Published on August 30, 2010

This post was previously on the Pathfinder Software site. Pathfinder Software changed its name to Orthogonal in 2016. Read more.

Great product development is only half of what you need to create successful software products. On Mondays, we focus on the other half, starting with a series called Customer Development 101. It’s based on the approach formulated by Steve Blank and and further articulated and refined by Eric Ries, Brant Cooper & Patrick Vlaskovits, Alexander Osterwalder, Sean Ellis and others.

When you’re developing a truly new product, rather than creating an update to an existing product, you’re dealing with a lot of unknowns and uncertainty. Your problem is an unknown, your solution is an unknown, and whether your product fits the market is an unknown. In a lot of ways, this is what agile software development was meant to address – build working software in small increments, validate it with your customer and adjust based on that feedback. User experience design has a similar objective: research users, build models of them, design for those models, and vet the designs with real users. Combining these two approaches is the current state of the art in software development shops. Rapid iteration and feedback loops using this approach lead to much better products.

The problem is that this approach only covers the product development part of creating products that win. User driven agile development is great at quickly creating outputs that can be used as inputs for other agile processes, and at adjusting to the output of those other agile processes. But if those other processes are not capable of generating and reacting to rapid feedback loops, then there’s limited value. Putting it another way: Building something quickly and getting feedback on it only partially mitigates the risk that you’re building the wrong product.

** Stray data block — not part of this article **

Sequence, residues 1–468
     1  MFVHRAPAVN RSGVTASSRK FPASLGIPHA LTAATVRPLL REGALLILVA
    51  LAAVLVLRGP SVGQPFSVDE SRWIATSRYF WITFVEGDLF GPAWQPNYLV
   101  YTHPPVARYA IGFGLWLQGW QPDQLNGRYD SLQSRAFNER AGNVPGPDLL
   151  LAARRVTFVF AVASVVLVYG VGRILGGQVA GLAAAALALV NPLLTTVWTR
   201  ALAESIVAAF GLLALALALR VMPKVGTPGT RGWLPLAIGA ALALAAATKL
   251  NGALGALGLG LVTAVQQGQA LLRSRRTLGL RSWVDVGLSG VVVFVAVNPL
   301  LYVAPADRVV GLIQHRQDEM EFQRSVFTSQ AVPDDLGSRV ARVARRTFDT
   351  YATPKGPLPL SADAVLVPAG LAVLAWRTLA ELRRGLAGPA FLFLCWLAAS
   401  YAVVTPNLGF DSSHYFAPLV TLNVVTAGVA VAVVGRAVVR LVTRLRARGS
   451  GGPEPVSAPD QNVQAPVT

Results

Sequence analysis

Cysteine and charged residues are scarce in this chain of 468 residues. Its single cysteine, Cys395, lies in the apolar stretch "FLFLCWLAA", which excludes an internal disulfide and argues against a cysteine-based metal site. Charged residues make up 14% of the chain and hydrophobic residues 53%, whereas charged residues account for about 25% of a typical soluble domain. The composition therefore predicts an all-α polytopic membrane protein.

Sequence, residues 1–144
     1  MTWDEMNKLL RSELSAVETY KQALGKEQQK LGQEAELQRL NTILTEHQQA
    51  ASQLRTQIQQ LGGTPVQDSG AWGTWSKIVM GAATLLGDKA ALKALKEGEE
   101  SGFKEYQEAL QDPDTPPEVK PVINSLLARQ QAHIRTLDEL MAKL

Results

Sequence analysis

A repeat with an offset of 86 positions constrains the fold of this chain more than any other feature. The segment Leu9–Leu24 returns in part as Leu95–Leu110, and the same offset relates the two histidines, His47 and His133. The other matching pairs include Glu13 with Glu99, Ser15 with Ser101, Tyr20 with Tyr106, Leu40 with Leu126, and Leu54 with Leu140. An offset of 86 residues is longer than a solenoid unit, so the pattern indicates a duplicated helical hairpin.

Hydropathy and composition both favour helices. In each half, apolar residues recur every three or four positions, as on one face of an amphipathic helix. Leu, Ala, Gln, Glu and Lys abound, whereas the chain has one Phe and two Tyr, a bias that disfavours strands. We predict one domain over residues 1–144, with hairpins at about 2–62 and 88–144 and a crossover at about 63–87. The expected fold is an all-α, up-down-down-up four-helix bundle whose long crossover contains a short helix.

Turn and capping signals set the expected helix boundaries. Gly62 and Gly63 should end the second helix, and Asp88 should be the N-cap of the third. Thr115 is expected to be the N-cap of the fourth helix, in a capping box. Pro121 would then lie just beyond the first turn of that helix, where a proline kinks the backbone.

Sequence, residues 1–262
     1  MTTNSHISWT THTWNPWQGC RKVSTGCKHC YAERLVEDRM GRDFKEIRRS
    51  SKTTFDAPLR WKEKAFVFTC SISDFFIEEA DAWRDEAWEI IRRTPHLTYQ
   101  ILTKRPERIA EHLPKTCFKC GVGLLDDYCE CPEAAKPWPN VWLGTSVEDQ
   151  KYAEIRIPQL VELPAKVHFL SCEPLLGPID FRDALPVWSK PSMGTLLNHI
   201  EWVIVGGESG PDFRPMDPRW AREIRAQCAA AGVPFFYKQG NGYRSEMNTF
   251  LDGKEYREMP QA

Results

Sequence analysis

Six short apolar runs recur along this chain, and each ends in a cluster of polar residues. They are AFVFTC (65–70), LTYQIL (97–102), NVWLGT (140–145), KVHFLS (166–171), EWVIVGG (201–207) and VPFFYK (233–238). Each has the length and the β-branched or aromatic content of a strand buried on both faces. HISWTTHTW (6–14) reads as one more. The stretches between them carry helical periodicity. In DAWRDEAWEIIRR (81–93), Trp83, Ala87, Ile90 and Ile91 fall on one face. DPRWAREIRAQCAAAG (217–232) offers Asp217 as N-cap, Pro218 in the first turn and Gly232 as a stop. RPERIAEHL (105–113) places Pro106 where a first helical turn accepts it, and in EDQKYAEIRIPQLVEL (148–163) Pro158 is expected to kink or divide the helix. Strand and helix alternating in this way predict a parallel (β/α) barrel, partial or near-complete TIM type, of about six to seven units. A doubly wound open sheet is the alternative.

Customer Development assumes that for new product development, you are starting with unknown or only partially known customers and markets, and that you arrive at defined problems and solutions by rapidly testing hypotheses about the market, pricing and customers with maximum efficiency (and with minimum effort.) After you generate a hypothesis, your next question should be – what’s the most efficient way for me to test this hypothesis? It’s an iterative way of evolving a business model, and it starts well before your development team does. But once that development team starts (on the minimal viable product, which we’ll get to later) the customer development process fits hand in glove with agile development.

Next time: Market Types – the critical input for your product strategy.